Bulwer’s Pheasant: Risk

music
ambience: Borneo rainforest ambience, Bulwer’s pheasant call

We’re listening to sounds of the Borneo rainforest — the home of a rare and beautiful bird called the Bulwer’s pheasant. I’m Jim Metzner, and this is the Pulse of the Planet. The male Bulwer’s pheasant is about the size of a chicken, with a brilliant blue wattle on its face and striking white tail feathers. There are as few as one thousand of these dramatic-looking creatures alive today. Scientists tell us that Bulwer’s pheasants and other members of their ecosystem are at risk. Borneo rainforest trees are being cut down — and it’s not only for their lumber.

“Gaharu is a fungus that infects certain species of trees, and creates this resinous wood inside of them which is used in Chinese medicine, and is a sustainable product, because all you really have to do is go into the tree and cut the heartwood out that has the gaharu in it, and the tree doesn’t die. And what they’re doing is rather than going and carving bits of gaharu out, they’ll just chop the trees down. They’re going in farther and farther into the forest to collect the stuff. Animals that are disturbed by human presence, like Bulwer’s pheasant, are retreating from that. And so the exploitation needs to be managed to some extent.”

John Rowden is Assistant Curator of the bird department at the Bronx Zoo. He says that products bought by Westerners may also be contributing to the destruction of the Borneo rainforest.

“One of the things that’s a problem in this area is the destruction of the forest for palm oil plantations. Now the palm oil is used to a certain extent in cooking, but it’s also used as a component of certain products, cosmetics and things like that. And so you might not think about it when you go to the drugstore and look at things that you want to buy. The ingredients that are going into that might be coming from a place that used to be a rainforest.”

If you’d like to hear about our new Pulse of the Planet CD, please visit our website at pulseplanet.com. Pulse of the Planet is made possible by the National Science Foundation.

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Bulwer's Pheasant: Risk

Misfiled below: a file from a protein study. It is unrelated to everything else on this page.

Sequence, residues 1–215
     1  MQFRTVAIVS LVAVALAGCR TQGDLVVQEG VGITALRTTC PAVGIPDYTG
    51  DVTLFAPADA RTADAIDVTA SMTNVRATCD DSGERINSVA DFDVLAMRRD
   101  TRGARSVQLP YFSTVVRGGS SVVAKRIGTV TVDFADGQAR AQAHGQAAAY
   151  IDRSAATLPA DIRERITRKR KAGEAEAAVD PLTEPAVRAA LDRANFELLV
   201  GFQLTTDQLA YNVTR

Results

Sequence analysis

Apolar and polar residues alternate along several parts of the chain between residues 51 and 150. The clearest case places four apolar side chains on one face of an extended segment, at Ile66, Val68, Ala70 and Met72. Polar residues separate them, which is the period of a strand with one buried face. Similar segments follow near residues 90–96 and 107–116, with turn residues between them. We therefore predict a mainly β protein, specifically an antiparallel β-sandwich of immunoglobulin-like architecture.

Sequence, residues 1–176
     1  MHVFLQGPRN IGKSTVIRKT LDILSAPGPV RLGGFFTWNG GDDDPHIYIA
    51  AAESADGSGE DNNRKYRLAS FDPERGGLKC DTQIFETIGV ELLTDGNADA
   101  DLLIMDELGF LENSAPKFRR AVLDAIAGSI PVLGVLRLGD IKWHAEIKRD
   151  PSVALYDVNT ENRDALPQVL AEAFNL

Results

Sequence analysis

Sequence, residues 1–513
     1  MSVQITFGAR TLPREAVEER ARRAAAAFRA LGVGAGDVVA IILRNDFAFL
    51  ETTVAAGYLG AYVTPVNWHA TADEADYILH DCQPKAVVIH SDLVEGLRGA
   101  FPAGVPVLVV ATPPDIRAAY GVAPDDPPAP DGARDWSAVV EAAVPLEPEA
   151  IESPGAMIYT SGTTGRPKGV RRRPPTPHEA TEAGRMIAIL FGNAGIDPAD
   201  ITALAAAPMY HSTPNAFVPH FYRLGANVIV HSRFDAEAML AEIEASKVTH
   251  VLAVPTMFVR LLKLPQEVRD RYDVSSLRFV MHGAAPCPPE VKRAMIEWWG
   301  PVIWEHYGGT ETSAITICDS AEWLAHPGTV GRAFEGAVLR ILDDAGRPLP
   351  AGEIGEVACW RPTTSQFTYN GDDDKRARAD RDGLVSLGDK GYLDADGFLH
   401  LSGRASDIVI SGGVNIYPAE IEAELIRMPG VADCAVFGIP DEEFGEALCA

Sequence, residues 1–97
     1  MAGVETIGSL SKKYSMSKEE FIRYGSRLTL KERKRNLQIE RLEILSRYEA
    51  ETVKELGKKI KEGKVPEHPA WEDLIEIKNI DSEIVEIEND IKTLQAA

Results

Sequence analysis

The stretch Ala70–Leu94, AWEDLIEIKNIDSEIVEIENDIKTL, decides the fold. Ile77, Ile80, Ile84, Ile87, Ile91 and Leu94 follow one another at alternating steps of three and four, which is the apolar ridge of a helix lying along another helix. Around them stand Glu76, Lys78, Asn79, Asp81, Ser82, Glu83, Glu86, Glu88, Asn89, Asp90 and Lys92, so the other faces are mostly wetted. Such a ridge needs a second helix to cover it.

The destruction of the Borneo rainforest is bringing the Bulwer's pheasant closer to extinction.
Air Date:07/24/2008
Scientist:
Transcript:


music
ambience: Borneo rainforest ambience, Bulwer's pheasant call

We're listening to sounds of the Borneo rainforest -- the home of a rare and beautiful bird called the Bulwer's pheasant. I'm Jim Metzner, and this is the Pulse of the Planet. The male Bulwer's pheasant is about the size of a chicken, with a brilliant blue wattle on its face and striking white tail feathers. There are as few as one thousand of these dramatic-looking creatures alive today. Scientists tell us that Bulwer's pheasants and other members of their ecosystem are at risk. Borneo rainforest trees are being cut down -- and it's not only for their lumber.

"Gaharu is a fungus that infects certain species of trees, and creates this resinous wood inside of them which is used in Chinese medicine, and is a sustainable product, because all you really have to do is go into the tree and cut the heartwood out that has the gaharu in it, and the tree doesn't die. And what they're doing is rather than going and carving bits of gaharu out, they'll just chop the trees down. They're going in farther and farther into the forest to collect the stuff. Animals that are disturbed by human presence, like Bulwer's pheasant, are retreating from that. And so the exploitation needs to be managed to some extent."

John Rowden is Assistant Curator of the bird department at the Bronx Zoo. He says that products bought by Westerners may also be contributing to the destruction of the Borneo rainforest.

"One of the things that's a problem in this area is the destruction of the forest for palm oil plantations. Now the palm oil is used to a certain extent in cooking, but it's also used as a component of certain products, cosmetics and things like that. And so you might not think about it when you go to the drugstore and look at things that you want to buy. The ingredients that are going into that might be coming from a place that used to be a rainforest."

If you'd like to hear about our new Pulse of the Planet CD, please visit our website at pulseplanet.com. Pulse of the Planet is made possible by the National Science Foundation.

music